On Leo's 25th birthday, Horace and Leo open the chest and in it they discover that Leo is part of a historic lineage which goes back to the ancient Egyptians. They also discover that everlasting life can be found off the coast of Africa by bathing in a magical fire. They soon venture to the hidden area to discover an ancient race of cannibalistic people who are lead by Ayesha, otherwise known as She. She is a very beautiful temptress and has the secret to everlasting life. Also, she was in love with Leo's family centuries ago. When Leo arrives, She is much smitten with him.
This book was well written and the adventure well thought out. The level of detail that Haggard uses to describe the Amahagger's (the tribe Leo and Holly discover) were extraordinary. She is easily understood to be a sophisticated woman who has strong powers of life and death over her subjects. However, I found the book a little hard to read. The lengthy paragraphs that detailed the Amahagger society were not needed and slowed the pace of the book. Still not a bad adventure book but the pace kept being diverted by lengthy descriptions.
18 internautes sur 21 ont trouvé ce commentaire utile 
5.0 étoiles sur 5 "the eternal feminine" unfrocked 26 septembre 2001
Par Sarakani - Publié sur Amazon.com
Format:Broché
When the young psychologist Sigmund Freud picked up this book, it presented him with the idea of the Anima or eternal feminine, which as a concept was picked and enlarged by his peers, metaphysicians and astrologers (e.g. Liz Greene's work on relationship astrology). That such a catchy idea came from what was effectively an off the shelf best seller with no literary pretentions indicates just what a fun and fascinating read it presents, especially for a young man who wishes a read encapsulating the perfect specimen of womankind.
This particular edition is good for it contains an excellent introduction by Professor D. Karlin with extensive and helpful notes. Karlin makes it clear that the book is a sort of fantasy within a fantasy and the joke is usually on us. It's contents are so "out there" that the author is at pains to state "every word is true" through his chosen first person mouthpiece, and he adds several details that makes the book's events plausible while you are in it.
The book is a masterpiece of archetypes including the Anima, acient civilization and archaeology, exploration, hunting and Africa as she used to be. It further represents the last mysterious possibilities that could be squeezed out of a world whose potential to amaze was fast disappearing due to the advent of transport and exploration. It is an old fashioned Indiana Jones type epic with explorers making a big discovery that could shake the British Empire to its very core.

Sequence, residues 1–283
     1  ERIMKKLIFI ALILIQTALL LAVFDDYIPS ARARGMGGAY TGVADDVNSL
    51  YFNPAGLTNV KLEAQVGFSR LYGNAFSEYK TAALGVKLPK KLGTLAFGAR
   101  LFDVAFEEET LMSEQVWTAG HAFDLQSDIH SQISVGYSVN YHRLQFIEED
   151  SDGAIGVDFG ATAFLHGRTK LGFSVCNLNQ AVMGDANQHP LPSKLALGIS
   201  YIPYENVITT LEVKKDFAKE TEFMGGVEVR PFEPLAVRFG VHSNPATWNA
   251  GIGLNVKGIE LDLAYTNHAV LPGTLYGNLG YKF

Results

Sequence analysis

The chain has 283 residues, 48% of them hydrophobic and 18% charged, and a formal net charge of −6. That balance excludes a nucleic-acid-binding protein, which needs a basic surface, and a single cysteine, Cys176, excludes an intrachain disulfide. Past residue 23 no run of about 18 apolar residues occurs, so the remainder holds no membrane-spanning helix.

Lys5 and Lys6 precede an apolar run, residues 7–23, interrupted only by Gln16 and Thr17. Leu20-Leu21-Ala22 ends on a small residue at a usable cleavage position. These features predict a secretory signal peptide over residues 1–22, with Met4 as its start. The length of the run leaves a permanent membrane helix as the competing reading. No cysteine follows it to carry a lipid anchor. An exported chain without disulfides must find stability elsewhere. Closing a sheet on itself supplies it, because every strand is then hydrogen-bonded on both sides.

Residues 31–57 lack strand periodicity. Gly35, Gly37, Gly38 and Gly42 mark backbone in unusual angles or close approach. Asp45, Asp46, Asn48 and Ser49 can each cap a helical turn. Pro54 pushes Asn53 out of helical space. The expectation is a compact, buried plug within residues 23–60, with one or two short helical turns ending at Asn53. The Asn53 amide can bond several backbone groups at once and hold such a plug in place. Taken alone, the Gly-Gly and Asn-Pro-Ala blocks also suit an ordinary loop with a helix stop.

The elements come from Haggard's own association and love of Africa (he includes the extinct Quagga one of the descriptions)
and his contact with an angelic woman with whom his fascination was was not satiated as he was married already. There is a great deal of swashbuckling adventure hived off from Livingstone, Egyptology, linguistics, classics and history as well of prevailing views and outlooks - but all this is eventually fused in a saga that is anything but boring in the same dynamic and suspensive style of bestsellers of the time (serialised in popular magazines) as S. Holmes and Jules Verne.
Needless to say, the book is over the top even for that time and is a literary equivalent of Jurassic Park, taken up by everyone but academia and the gatekeepers of high culture.
The subtext has disturbing and provocative elements which could by identified as mysoginy, soft porn and the frustrated psyche of the average young male at the time. She is destroyed in the end and provides the perfect excuse for both the principal male protagonists to give up women.
Haggard himself has recently been discovered to have had a secret relationship which bore him an illegitimate child and we also realise he was not really an imperialist and supported free tendencies for Africans in the shadow of imperialism. He predicted the inevitable independence of African states and the imperial overtones in the book should not be misread as jingoistic.
For people too rushed to pour over Trollope or Dickens, this is Victoriana at its greatest with many interesting contemporary themes including the theory of evolution which reads extremely fast. It is a window into history and an ultimate fantasy exploring the sources of life and immortality itself and represents something made in a hurry in the "white heat" of the author's anvil. A performance he probably never repeated.
Absorbing, mysterious and shocking - some people will find it unravels a great deal of their innermost tendencies and sexuality into the limelight of coherence and myth.